I Came Around ( CD-R, no date* )
Unslushed because: I had just burned a disc for a friend and needed a case for it. Ms. Miriello’s demo, nested in one of those soft plastic clamshells, did the trick. But then the naked disc sat around on my desk and I felt guilty for recycling the packaging without checking out the package.
Factors not initially considered: Based on almost zero information—just the song titles printed on the CD—I was 98 percent sure this was going to be damp, folksy, and low-budget. It turns out that it’s a more ambitious affair with a sturdy rock foundation. Interspersed with a few damp, folksy numbers.
I also don’t know what she looks like.
* UPDATE: I wrote this before visiting Miriello’s myspace, where I learned that this CD is her “BellaSonic/Jive/Zomba debut.” She has 14,000 friends. Listening to her music, I thought she was some poor middle-school teacher with a hopeless dream who’d spent all her savings recording a crappy, overproduced demo on weekends over, like, a three-year period, selling her Dodge Colt and resorting to waitressing at O’Flanahan’s when her studio time ran long. She was trying so hard, God bless her, that I figured I’d give her the benefit of the doubt and say the nicest things I possibly could about her painfully vapid CD.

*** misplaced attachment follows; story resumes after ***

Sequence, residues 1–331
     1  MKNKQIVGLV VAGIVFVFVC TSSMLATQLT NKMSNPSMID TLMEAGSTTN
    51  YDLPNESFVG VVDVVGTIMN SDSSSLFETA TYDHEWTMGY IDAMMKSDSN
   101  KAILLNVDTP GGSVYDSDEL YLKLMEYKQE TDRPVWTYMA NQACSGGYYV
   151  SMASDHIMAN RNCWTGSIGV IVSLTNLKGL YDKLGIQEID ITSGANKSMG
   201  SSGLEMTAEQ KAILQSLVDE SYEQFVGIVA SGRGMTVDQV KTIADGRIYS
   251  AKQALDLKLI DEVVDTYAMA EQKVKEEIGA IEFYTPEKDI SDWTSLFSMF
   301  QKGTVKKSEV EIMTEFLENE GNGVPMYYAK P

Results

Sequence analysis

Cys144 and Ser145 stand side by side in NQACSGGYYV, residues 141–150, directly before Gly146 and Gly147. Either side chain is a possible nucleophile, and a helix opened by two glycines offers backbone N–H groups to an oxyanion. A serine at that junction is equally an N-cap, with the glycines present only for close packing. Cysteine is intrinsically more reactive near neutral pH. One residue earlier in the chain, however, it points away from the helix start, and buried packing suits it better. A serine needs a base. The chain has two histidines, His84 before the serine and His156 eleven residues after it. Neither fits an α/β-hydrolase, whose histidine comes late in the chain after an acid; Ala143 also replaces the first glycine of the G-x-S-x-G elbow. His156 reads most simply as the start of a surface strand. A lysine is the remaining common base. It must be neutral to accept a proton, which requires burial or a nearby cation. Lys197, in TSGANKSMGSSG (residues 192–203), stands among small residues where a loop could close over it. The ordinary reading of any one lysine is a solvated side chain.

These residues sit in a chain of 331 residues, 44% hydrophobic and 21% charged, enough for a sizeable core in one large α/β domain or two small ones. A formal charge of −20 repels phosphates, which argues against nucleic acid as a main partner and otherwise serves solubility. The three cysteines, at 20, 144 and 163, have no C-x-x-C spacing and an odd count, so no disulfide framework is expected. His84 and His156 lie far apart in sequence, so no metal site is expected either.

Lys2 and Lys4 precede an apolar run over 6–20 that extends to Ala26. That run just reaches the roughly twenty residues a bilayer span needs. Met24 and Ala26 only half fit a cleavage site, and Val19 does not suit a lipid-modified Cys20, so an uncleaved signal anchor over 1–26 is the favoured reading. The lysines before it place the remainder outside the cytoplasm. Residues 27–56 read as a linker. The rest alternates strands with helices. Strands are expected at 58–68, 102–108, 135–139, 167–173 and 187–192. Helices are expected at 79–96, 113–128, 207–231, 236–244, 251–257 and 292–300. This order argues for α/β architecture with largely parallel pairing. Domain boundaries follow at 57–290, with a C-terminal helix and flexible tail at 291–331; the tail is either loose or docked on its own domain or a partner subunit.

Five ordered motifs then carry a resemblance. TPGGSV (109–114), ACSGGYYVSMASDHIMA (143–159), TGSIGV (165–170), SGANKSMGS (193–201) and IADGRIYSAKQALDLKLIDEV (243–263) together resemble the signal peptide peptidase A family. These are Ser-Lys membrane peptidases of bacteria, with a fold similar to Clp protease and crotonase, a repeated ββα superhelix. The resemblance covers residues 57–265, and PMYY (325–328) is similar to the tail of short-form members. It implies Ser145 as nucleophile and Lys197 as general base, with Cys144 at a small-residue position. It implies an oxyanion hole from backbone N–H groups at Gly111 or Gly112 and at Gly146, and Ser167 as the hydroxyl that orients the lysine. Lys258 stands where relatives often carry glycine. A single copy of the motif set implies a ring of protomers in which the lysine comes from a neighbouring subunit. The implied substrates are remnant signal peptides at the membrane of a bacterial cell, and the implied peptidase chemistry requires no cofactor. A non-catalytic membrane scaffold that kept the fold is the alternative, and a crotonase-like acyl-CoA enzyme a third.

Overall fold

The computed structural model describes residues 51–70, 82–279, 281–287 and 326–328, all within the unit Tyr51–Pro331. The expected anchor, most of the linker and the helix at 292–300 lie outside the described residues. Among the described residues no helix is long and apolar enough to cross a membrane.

On further review: There’s no question that Miriello can sing, but if she has enough influences not to sound like a strict copycat, she’s not exactly borrowing from new places: The first mentor you hear is Stevie Nicks, but there’s also a self-assured Ann Wilson arena presence, some Alanis, and a slice of Joni Mitchell in the ballad “Beauty of Goodbye.” And there’s also no question that the cats behind the board and the guitars are pros. This thing has been supersnazzed for FM: big hooks on the rock numbers, Miriello’s breathy catch-and-release on the quiet songs. This was not just slapped together in some basement.
The problem with I Came Around is that it feels divorced from whatever its creative urge once was. I’d like to think that somebody, at some point, sat in a quiet room somewhere, writing these songs and believing in them. That honesty is now obliterated by the modern-rock cookie cutter—hack broken-mic effects, big loud-soft contrasts, blurs of buzzsaw guitars—and most of what you hear is not the music at all, but some very earnest people’s projections of what they think some total A&R/AOR asshole wants them to sound like. You can still sense a vital core to songs like “Gray” and “Who You Really Are,” but when you run out of fingers counting the clichés (the cringe-worthy “Brand New”), you start to suspect that the good stuff is just the stuff that they didn’t have time to ruin.